February 6, 2013 - “There was a little orange light on right down there.” This is not an uncommon statement heard by many a mechanic as they investigate the latest report on the ping, ping sound or the grrrthmp sound described by their nervous customer. What else can he do but shake his head and say “yes ma’am, I understand?”
Those lights on your dashboard are put there for a reason. You might see something that looks like an exclamation point with parentheses around it (!) this could be tire pressure. Or you might see something like a “service engine” light that comes on and goes off again and again. It’s easy to ignore those little signs for a time. However, if you continue to ignore them you are very likely going to wind up with much, much bigger problems.
Suppose you’ve seen some kind of light on the dashboard or the service engine light and you’ve heard some unusual sounds going on in your engine. You surely need to have this investigated and soon before it winds up costing you a small or large fortune.
So…how can you avoid this potential fortune spent or misfortune? You can save yourself a lot of headache, hair pulling, and dollar signs by following your car’s manufacturer’s maintenance schedule. If you have an older car/truck/van just talk to your local mechanic, peruse online, or talk to your auto parts distributor. They will gladly help you set up a maintenance schedule for just about any vehicle.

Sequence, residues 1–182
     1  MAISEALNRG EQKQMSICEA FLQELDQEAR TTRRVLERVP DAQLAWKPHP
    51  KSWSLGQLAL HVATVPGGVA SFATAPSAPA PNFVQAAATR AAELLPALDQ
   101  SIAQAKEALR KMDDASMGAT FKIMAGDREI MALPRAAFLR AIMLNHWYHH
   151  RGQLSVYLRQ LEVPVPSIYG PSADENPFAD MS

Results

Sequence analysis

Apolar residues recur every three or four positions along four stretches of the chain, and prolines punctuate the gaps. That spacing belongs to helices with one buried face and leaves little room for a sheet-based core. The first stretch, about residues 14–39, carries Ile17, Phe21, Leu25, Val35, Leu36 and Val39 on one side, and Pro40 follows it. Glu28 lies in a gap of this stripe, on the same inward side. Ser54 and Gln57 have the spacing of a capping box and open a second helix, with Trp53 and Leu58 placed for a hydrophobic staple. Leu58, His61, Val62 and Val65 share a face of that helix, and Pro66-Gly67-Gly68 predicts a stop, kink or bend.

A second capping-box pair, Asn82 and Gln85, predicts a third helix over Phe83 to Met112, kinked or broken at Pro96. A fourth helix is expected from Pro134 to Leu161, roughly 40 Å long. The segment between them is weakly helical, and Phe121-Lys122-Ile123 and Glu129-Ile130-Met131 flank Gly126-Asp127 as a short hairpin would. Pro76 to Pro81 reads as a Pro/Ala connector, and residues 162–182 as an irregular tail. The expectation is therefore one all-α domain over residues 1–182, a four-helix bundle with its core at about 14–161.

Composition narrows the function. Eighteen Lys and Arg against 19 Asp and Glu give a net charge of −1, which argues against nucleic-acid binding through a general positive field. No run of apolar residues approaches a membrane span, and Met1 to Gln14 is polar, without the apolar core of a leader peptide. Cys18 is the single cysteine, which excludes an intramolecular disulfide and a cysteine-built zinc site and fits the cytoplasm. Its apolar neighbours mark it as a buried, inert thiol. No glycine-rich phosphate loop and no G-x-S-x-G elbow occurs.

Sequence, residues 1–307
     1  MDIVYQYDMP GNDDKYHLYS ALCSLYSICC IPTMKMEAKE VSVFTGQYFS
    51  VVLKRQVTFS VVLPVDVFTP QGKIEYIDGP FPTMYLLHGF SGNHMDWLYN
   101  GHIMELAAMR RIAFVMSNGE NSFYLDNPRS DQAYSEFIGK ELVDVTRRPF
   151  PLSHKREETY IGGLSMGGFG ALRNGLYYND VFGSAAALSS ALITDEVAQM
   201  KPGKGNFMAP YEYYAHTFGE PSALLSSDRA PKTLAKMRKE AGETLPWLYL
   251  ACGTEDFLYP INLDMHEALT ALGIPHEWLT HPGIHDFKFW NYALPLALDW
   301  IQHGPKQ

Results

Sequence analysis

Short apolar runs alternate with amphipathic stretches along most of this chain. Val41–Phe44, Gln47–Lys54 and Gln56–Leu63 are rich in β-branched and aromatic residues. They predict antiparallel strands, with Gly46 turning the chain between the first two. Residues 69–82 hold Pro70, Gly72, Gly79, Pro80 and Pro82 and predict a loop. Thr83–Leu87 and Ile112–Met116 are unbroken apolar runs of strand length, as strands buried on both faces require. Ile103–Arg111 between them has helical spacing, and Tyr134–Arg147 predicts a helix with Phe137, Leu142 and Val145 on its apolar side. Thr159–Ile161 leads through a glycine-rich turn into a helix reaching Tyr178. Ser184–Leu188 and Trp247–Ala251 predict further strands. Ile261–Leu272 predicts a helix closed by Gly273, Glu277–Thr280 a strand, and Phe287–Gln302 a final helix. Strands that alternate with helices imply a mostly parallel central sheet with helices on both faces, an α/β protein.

On average the cost of a new vehicle is $30,000 plus. The cost of the privilege of owning and driving a vehicle is somewhere in the ballpark of $10,000 per year. Considering that the majority of us are spending that much plus more, doesn’t it make sense to protect it and take care of it?
Maintenance isn’t cheap, but it’s cheaper than replacing the whole thing. You can avoid an enormous amount of engine damage from cracked cylinder heads, to bad fuel delivery, to complete mechanical failure if you will just take care of your investment.
When your vehicle makes sounds that are not normal, get it checked. When you see a little orange, green, or whatever color light on the dashboard that is not normally lit up, check it out. Get out the owner’s manual and investigate, talk to your local auto parts dealer, or a friendly mechanic. It doesn’t matter which you do, but do something. Don’t just ignore those little warning signs or you may soon find yourself spending a small fortune on unnecessary repairs or even shopping for a new vehicle.
Moral of this “what’s that light on my dashboard” story is that old adage an ounce of prevention is worth a pound (in this case - many pounds) of cure.